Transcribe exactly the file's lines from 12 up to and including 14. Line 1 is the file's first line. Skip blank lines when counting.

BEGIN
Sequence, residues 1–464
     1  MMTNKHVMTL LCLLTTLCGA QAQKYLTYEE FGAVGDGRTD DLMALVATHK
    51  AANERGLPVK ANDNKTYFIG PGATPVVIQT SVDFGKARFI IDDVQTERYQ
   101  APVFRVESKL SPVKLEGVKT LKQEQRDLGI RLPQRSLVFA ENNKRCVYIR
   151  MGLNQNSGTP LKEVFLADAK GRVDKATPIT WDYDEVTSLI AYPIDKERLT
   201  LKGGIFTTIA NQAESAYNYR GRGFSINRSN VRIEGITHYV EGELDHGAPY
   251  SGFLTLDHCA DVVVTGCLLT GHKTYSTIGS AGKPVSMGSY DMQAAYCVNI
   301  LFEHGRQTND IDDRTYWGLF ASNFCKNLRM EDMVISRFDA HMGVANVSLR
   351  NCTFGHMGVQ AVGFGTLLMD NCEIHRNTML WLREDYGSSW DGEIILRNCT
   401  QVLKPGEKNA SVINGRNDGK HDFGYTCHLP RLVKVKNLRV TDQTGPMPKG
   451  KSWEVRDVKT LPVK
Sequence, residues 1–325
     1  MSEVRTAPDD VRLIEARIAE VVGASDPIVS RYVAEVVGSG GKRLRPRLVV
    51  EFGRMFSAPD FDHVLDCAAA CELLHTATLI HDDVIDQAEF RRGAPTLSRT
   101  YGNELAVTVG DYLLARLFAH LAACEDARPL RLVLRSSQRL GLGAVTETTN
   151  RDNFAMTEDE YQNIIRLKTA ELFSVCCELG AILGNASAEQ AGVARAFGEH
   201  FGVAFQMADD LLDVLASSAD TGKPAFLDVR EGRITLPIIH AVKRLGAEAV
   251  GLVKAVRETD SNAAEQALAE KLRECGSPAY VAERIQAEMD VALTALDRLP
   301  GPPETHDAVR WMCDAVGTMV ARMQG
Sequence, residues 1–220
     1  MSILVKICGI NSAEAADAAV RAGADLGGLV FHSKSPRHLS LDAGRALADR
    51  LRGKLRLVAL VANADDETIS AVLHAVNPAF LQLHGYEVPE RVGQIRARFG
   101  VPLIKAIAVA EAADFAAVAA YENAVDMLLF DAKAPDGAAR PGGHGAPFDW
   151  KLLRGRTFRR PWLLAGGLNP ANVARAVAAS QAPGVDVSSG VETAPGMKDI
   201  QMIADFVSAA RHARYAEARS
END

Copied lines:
Sequence, residues 1–325
     1  MSEVRTAPDD VRLIEARIAE VVGASDPIVS RYVAEVVGSG GKRLRPRLVV
    51  EFGRMFSAPD FDHVLDCAAA CELLHTATLI HDDVIDQAEF RRGAPTLSRT